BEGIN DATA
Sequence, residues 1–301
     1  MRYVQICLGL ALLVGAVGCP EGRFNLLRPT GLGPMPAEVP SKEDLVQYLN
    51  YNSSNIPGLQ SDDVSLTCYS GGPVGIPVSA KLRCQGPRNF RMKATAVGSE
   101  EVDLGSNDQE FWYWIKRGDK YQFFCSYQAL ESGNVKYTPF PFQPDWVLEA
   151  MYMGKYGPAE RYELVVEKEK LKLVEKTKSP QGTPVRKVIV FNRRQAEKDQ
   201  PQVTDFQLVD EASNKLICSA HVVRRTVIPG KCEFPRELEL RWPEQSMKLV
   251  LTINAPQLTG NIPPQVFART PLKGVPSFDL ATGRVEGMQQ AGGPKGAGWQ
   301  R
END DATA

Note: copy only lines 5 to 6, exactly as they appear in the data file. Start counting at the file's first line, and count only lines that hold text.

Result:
   151  MYMGKYGPAE RYELVVEKEK LKLVEKTKSP QGTPVRKVIV FNRRQAEKDQ
   201  PQVTDFQLVD EASNKLICSA HVVRRTVIPG KCEFPRELEL RWPEQSMKLV